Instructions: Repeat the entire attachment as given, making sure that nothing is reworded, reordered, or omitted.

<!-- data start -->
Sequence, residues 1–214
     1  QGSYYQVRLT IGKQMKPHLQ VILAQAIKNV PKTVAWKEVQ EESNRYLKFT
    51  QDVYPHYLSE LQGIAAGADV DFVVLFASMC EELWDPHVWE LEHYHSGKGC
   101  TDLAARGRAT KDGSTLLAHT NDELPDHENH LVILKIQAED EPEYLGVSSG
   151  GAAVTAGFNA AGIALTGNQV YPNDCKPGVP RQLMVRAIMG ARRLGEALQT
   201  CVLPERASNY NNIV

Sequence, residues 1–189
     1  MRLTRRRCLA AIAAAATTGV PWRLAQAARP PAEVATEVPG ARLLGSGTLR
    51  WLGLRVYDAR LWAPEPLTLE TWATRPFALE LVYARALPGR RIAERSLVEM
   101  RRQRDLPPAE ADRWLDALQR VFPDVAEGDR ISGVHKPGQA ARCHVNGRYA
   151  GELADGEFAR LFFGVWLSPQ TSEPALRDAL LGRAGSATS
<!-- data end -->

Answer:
Sequence, residues 1–214
     1  QGSYYQVRLT IGKQMKPHLQ VILAQAIKNV PKTVAWKEVQ EESNRYLKFT
    51  QDVYPHYLSE LQGIAAGADV DFVVLFASMC EELWDPHVWE LEHYHSGKGC
   101  TDLAARGRAT KDGSTLLAHT NDELPDHENH LVILKIQAED EPEYLGVSSG
   151  GAAVTAGFNA AGIALTGNQV YPNDCKPGVP RQLMVRAIMG ARRLGEALQT
   201  CVLPERASNY NNIV

Sequence, residues 1–189
     1  MRLTRRRCLA AIAAAATTGV PWRLAQAARP PAEVATEVPG ARLLGSGTLR
    51  WLGLRVYDAR LWAPEPLTLE TWATRPFALE LVYARALPGR RIAERSLVEM
   101  RRQRDLPPAE ADRWLDALQR VFPDVAEGDR ISGVHKPGQA ARCHVNGRYA
   151  GELADGEFAR LFFGVWLSPQ TSEPALRDAL LGRAGSATS